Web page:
And all of the following apply. You are
- Well enough to be up and about for at least half the day (performance status 0, 1 or 2)
- Willing to have all the tests that are part of the trial including bone marrow tests
- Willing to use reliable contraception during the time you have idealisib and for 30 days afterwards if there is any chance that you or your partner could become pregnant
- At least 18 years old
You cannot join this trial if any of these apply. You
- Have not had any treatment for your CLL
- Have had treatment with idelalisib or a similar biological therapy
- Have had any experimental treatment in the last 6 weeks
- Have CLL that has spread to your brain or spinal cord (CNS)
- Have a low number of red cells, white cells and platelets in your blood or you need to have blood transfusions for
anaemiaunless the doctors think this caused by your CLL
- Have a condition called
haemolysiswhich is not being controlled by steroids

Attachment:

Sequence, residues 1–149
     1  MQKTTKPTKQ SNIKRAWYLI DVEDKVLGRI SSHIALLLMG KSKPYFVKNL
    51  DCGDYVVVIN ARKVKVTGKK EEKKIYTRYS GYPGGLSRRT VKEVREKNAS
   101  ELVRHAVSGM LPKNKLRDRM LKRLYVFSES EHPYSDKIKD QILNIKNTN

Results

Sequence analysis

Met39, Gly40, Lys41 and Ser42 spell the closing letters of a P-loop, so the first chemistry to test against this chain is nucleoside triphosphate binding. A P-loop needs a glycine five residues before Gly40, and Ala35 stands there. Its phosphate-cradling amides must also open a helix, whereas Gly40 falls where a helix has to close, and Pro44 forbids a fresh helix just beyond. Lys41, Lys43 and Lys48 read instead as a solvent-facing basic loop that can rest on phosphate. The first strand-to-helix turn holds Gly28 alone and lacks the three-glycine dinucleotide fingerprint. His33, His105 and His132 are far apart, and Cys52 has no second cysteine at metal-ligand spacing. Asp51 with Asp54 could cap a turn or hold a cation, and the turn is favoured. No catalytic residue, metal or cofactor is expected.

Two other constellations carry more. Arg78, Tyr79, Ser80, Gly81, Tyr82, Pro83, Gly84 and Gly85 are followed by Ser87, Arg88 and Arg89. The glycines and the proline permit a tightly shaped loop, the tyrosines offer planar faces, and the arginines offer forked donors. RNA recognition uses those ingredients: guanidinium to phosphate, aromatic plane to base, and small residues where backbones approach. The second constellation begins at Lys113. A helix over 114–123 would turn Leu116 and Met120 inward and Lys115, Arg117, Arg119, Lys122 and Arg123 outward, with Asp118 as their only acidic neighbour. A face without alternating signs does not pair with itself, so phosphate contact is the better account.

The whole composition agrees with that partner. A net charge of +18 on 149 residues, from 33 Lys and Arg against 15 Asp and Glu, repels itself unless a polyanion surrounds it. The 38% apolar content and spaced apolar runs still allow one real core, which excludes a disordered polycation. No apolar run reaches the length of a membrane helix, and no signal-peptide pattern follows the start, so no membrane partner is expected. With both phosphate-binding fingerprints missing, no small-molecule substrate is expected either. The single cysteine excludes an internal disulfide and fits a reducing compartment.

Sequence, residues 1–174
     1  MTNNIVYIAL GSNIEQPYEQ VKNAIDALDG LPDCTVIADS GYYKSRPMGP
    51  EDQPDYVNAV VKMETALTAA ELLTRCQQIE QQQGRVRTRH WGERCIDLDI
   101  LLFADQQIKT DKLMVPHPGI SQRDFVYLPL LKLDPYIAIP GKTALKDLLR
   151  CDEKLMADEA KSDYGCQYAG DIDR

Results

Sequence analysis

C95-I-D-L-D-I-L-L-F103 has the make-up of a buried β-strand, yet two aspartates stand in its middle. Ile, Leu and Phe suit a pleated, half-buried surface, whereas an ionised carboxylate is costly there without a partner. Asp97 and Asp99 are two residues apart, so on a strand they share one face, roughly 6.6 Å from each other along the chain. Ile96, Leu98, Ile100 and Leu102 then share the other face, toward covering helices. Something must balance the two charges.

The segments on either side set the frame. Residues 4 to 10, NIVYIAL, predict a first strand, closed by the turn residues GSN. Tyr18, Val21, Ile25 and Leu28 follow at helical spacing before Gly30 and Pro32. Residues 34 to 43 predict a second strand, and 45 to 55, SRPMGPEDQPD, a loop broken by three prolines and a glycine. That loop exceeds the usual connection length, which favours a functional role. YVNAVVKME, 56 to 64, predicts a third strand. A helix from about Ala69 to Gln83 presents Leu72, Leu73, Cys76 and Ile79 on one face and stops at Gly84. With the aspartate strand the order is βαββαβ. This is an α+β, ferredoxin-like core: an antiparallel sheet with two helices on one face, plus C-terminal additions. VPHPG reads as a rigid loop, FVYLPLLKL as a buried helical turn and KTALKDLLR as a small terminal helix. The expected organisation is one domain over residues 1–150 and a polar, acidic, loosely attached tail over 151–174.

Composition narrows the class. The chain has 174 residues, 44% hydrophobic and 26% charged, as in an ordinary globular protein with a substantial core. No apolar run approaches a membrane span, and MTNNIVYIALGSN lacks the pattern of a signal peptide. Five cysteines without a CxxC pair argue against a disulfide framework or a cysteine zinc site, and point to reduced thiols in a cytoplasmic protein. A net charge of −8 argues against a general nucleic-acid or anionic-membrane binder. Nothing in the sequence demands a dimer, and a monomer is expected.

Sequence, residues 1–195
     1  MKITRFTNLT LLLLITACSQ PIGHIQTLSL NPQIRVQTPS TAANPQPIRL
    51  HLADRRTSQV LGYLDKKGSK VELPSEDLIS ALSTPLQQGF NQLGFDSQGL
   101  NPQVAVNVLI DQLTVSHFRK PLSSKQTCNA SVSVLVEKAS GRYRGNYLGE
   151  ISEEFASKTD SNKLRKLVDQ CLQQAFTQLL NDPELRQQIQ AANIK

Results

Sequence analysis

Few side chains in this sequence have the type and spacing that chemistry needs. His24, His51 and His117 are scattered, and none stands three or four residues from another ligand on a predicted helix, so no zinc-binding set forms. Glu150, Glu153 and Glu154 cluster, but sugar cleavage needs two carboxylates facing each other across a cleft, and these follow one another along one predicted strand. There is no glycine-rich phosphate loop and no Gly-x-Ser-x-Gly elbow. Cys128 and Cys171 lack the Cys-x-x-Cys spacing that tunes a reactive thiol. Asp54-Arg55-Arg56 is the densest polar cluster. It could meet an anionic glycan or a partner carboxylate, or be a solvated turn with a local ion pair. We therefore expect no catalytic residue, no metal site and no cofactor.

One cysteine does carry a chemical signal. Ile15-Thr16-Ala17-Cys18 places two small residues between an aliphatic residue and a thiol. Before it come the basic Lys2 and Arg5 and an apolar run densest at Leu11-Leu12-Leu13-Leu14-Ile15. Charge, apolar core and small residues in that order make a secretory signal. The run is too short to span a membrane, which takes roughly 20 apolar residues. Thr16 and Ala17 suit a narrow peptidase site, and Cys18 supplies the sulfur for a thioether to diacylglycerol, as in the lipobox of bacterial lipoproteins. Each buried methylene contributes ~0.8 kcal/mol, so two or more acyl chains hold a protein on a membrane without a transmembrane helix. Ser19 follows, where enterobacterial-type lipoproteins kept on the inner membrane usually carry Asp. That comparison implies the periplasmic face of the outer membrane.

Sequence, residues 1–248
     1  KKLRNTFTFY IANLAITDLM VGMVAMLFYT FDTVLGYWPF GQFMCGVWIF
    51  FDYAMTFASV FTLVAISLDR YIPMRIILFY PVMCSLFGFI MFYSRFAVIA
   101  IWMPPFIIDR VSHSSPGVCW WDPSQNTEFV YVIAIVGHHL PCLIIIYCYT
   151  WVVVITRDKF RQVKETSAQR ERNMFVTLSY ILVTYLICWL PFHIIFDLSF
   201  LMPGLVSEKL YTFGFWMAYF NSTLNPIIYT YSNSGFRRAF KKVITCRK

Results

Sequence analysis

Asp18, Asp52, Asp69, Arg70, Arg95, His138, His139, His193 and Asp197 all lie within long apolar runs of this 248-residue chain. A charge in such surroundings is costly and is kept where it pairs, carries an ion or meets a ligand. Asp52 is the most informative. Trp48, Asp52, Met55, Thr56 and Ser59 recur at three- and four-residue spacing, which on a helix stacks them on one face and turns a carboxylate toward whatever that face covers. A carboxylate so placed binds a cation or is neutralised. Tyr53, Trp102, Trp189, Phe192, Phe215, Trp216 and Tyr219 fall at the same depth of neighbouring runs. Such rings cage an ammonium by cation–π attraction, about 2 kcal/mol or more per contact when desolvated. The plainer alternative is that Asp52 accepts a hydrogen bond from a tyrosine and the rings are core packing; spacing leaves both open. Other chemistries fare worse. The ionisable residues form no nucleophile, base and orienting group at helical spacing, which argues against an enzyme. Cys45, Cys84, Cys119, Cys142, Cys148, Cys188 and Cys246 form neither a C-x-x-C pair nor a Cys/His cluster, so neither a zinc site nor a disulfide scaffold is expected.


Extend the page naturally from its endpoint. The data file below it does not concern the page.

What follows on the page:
- Have a type of lymphoma called Mantle cell lymphoma
- Have any other cancer apart from basal cell carcinoma
- Have an infection that needs treatment
- Have HIV, hepatitis B or hepatitis C
- Are allergic to idelalisib or any of its ingredients (your doctor can advise you about this)
- Have any other serious medical condition or mental health problem that the trial team think could affect you taking part
- Are pregnant or breastfeeding
Everybody taking part in this trial will have idelalisib. Doctors need around 40 people to take part.
Idelalisib is a tablet. You take it twice a day. You can carry on having idelalisib for as long as it is helping you and your doctor thinks it is the best treatment for you to have.
As part of the trial you'll have regular blood tests. These monitor your health and some of the tests will be used in research so the doctors can measure the rate of growth of the leukaemia cells.
You need to have bone marrow tests before you start treatment, and then 1 month and 6 months after you start treatment. You may also need another bone marrow test if the doctors think your CLL is getting worse. If your CLL gets better while you are taking idelalisib you will also have another bone marrow test.
These tests are to see how the drug has affected your CLL and how it works.